Tuesday, September 28, 2021

Increased fees shut down East Lansing pedicab service

February 15, 2012

East Lansing’s bike-taxi service, Spar-Thai, put the brakes on its operation last December after city officials nearly tripled the cost of licensing fees.

The closure was a result of an unexpected increase in the city’s licensing fees for drivers — which were raised from $30 to $80 last summer — just two months after the business’ debut in May 2011, Spar-Thai owner Dave Thorin said.

Spar-Thai offered pedicab rides on three-wheeled electric bikes.

“East Lansing hit us with a bill that we didn’t anticipate,” he said. “Had I known they would do that, I wouldn’t have opened the business to begin with.”

Since a majority of the pedicab drivers were college students, many couldn’t afford to pay a licensing fee along with the costs of a mandatory background check and drug test, he said.

“We put all of our eggs in one basket,” Thorin said.

“It was really disappointing. We were on a roll, and the city just got in the way.”

As a new business that had been consistently growing since its launch, Thorin said the closure of Spar-Thai, which doubled as a laundry facility, is especially heartbreaking considering there might have been other options available.

Thorin said he wrote a letter in September 2011 to the city asking if it would re-evaluate the situation and possibly waive the fees because the company operated through the use of bikes, not motor vehicles.

He did not receive a response until late December, just days before his lease expired, Thorin said.

“If they would have told me up front that those were their intentions, and if they would have responded (to the letter) in a timely manner, I could have at least had a chance to regroup,” Thorin said.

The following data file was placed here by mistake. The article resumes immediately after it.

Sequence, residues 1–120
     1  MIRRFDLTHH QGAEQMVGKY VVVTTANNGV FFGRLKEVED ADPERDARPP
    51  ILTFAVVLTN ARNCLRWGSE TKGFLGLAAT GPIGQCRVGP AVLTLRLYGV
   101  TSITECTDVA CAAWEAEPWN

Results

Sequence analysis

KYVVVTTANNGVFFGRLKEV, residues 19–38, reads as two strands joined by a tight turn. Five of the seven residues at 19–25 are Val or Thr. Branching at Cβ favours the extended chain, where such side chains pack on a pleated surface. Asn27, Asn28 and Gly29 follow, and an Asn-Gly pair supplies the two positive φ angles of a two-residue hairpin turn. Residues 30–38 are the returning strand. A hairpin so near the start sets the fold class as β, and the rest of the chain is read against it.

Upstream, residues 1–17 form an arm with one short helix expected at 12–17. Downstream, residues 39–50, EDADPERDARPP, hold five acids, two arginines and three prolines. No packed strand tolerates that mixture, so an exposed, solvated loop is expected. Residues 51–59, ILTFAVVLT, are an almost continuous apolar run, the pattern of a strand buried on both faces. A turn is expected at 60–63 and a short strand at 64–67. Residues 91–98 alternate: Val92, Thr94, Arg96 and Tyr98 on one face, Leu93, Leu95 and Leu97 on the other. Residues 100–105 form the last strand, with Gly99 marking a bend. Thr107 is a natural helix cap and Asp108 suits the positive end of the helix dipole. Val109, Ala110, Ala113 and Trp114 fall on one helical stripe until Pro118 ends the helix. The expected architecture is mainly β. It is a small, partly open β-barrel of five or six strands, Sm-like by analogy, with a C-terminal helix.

East Lansing City Clerk and Assistant City Manager Marie McKenna said while it is unfortunate to see any business in the city close, the change in price was determined by the amount of time staff spent processing each licensing application.

“Raising or lowering fees is a policy question that is not resolved easily or quickly and requires consideration of a number of different factors,” McKenna said in an email.

“We have not been able to address this particular concern as quickly as (Thorin) may have preferred.”

Although there still are no tenants lined up to fill Spar-Thai’s spot at 420 Albert St., City of East Lansing Senior Project Manager Lori Mullins said the city is working to get the word out about the available location to potential business owners.

Psychology senior Kalim Khan, who lives near Spar-Thai and has used the service multiple times, said he was disappointed when he discovered that it was closing.

“It’s a tragedy,” Khan said. “There are so many boarded up shops in the downtown area — it’s discouraging.”

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